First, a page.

All of a sudden, Hollis took extreme interest in the old Mustang parked in his garage. He discovered traces of the original gold paint under the hood and in the trunk, another sign that this might be a One Millionth Anniversary Mustang. Of course, the Hollis’ 1966 Mustang was a hardtop, as were all these specials. Hollis also checked off a C-code 289 two-barrel, black pony interior, and a console, exactly as Smart listed in his article and book. Hollis’ daughter emailed Smart and got back verification that they had one of those cars.

During early 2016, with the 50th anniversary coming up for this Anniversary Gold Mustang, Hollis searched out and actually found and talked to the original owner Jim Gloer.

“I bought the car at Hill Ford Sales in Fremont, Ohio,” Gloer said over the phone. The purchase date inside the original owner’s manual shows a date of 9-26-66—very late in the model year. During his mid-20s, Gloer worked as a mechanic at that Fremont dealership. There, the owner Marv Hill talked him into buying the special edition Mustang. Gloer said. “They had gotten one of the gold ones for selling so many cars in the district or area, as far as I understood it.”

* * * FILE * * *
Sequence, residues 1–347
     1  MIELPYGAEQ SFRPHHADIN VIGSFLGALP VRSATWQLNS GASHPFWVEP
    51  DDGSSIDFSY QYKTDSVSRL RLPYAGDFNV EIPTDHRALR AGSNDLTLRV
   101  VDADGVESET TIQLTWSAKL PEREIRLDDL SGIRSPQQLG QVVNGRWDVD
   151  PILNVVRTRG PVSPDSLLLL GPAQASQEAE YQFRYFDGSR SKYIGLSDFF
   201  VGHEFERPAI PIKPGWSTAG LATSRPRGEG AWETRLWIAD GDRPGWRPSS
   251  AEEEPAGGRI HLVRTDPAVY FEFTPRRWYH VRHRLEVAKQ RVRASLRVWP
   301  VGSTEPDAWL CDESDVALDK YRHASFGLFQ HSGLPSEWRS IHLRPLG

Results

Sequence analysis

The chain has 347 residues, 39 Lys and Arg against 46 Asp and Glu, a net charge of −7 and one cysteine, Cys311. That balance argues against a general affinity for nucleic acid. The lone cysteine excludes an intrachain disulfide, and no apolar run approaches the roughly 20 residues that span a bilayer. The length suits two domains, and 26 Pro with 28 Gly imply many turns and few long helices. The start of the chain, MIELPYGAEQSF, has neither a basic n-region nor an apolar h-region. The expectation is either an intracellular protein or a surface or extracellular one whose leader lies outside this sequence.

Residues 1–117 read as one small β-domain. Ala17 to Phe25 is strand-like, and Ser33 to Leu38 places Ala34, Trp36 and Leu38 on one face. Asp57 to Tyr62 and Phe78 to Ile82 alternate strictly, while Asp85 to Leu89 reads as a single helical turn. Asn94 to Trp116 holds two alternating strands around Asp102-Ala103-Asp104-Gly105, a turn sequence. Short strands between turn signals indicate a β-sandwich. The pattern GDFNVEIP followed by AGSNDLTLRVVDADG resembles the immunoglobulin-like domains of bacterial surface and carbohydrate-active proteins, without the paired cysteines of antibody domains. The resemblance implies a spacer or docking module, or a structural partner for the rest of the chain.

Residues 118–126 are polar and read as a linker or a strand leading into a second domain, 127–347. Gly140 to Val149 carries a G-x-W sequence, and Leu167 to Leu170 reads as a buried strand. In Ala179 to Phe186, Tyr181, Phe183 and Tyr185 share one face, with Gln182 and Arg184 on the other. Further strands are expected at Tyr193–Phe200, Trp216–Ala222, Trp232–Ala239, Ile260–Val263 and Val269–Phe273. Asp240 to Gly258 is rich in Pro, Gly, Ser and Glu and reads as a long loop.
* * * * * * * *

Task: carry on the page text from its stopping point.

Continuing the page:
Jim Gloer found photos from a trip to the Smoky Mountains in 1966 when this bear harassed his wife Rita. Jim laughed when he recalled that he got out of the car to take pictures. “The bear actually put its paws on the window, which was partially open. She Rita had her seatbelt on and couldn’t get out anyway. And that console, she tried to get across it, and he the bear finally stepped back.”